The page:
Remington-Steele-Brown-Check-Suit-4Brosnan downplays the suit’s coloured windowpanes by wearing a white shirt and unassuming brown accessories. The white shirt has a moderate spread collar, placket and double cuffs. The tie has dark brown and medium brown stripes, which may or may not be the effect of a herringbone weave. The overflowing pocket handkerchief is also dark brown, and even the flamboyant way he wears the handkerchief doesn’t make it stand out. Brosnan could have chosen a blue shirt and red tie to make the windowpanes in the suit pop, but keeping everything toned down makes the outfit look more elegant. The predominantly monochromatic look is reminiscent of Connery’s brown suit and tie in Thunderball, though Connery’s outfit has a simple elegance that is absent from Brosnan’s.

Remington-Steele-Brown-Check-SuitThough brown shoes are typically the first choice with brown suits, Brosnan wears black cap-toe oxfords and a brass-buckled black belt with this suit. One could argue that brown leather would still go better with this suit, but because the suit is cool-toned the black leather doesn’t clash. The suit’s cool tone is flattering to Brosnan’s cool complexion, whilst most warmer and richer browns wouldn’t look so good on him. Connery’s brown suit in Thunderball similarly has a cool tone, and he too wears his brown suit with black shoes.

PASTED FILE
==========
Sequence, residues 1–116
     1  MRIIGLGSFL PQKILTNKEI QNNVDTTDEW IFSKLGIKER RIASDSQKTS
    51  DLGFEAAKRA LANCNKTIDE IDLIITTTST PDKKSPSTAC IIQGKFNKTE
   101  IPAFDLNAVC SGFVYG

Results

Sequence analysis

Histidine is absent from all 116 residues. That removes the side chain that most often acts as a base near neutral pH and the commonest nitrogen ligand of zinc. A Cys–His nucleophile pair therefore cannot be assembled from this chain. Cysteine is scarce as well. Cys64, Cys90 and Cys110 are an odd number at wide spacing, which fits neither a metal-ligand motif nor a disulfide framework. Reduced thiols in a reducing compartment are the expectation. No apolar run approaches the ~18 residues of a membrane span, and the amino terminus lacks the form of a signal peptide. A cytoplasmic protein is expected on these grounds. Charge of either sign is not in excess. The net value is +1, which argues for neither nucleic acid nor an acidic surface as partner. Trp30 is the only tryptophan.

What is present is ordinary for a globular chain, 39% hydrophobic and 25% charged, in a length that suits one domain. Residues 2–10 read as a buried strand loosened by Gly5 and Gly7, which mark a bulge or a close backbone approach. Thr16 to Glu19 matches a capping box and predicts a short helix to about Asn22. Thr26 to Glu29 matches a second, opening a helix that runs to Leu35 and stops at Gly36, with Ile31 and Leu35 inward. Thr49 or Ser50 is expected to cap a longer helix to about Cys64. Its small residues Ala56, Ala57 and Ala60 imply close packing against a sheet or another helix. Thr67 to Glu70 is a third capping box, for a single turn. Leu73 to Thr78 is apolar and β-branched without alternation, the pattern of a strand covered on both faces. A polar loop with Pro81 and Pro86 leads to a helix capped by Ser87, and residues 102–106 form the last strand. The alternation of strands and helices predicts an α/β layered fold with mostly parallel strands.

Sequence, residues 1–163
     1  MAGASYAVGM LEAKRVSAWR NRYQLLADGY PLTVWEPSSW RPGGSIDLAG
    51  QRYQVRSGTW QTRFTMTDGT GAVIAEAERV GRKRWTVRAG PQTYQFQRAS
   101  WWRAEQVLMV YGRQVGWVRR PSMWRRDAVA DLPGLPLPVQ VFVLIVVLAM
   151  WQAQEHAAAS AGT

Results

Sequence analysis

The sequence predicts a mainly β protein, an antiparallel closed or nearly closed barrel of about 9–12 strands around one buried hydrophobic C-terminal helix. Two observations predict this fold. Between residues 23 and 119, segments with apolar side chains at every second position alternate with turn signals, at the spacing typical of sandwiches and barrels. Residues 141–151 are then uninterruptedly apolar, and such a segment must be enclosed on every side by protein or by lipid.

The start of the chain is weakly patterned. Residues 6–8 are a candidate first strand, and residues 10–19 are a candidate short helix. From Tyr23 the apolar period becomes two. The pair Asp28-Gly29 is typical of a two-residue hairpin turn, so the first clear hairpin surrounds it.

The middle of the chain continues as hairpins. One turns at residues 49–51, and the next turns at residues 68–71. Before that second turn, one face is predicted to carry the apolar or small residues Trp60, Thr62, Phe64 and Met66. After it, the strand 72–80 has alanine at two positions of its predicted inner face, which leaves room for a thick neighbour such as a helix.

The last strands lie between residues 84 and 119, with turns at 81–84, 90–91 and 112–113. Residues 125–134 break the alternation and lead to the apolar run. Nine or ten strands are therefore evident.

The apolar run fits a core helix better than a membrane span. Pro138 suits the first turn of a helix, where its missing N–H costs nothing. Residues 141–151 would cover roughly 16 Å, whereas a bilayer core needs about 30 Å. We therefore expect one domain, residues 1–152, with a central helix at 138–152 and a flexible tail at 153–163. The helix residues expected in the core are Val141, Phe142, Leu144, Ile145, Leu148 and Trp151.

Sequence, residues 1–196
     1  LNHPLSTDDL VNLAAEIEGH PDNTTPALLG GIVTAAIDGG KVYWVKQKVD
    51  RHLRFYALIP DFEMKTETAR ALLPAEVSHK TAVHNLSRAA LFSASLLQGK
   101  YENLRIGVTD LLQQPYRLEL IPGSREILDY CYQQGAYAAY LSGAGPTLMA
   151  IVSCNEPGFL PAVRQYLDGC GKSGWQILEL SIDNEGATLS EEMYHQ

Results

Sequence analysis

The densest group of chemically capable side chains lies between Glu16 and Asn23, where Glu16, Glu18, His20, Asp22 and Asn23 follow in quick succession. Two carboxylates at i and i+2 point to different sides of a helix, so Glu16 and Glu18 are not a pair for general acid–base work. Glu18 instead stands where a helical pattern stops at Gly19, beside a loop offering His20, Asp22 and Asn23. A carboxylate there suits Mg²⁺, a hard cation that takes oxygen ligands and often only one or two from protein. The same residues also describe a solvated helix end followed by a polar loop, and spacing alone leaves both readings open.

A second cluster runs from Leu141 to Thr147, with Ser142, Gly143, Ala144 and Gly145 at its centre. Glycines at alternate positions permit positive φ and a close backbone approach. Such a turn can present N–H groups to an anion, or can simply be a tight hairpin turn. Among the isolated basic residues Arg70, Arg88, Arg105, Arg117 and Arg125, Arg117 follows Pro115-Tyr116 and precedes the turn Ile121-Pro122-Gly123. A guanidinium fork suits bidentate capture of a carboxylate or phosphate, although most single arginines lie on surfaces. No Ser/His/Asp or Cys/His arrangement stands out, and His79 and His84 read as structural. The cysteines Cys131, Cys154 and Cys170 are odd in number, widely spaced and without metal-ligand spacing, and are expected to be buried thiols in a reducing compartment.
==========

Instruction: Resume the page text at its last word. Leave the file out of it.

• Most people will say that brown or burgundy shoes are preferable with a brown suit. But as Brosnan and Connery show, black shoes can look good with the right brown.

      • And Daniel Craig in QoS too. The brown suit in Bolivia is worn with black shoes and is not that bad. To my taste at least.
        But personally I have a nice dark brown suit which I love to pair with highly polished burgundy Church’s Diplomats !

      • Likewise, black shoes work well because that suit is also a dark cool brown. To compare, most of Roger Moore’s brown suits are lighter, warmer brown and would not look so good with black shoes.

      • It might be an over simple way of thinking about it, but I always try to determine whether I should wear black or brown shoes based on contrast. Lighter brown, I’ll often wear a dark brown or burgundy shoe with it. When the brown is dark and brown shoes would be too much “brown” I go with black.

        Like Connery’s outfit, I find that if you match several black items, it helps prevent it from seeming like a “rookie” mistake.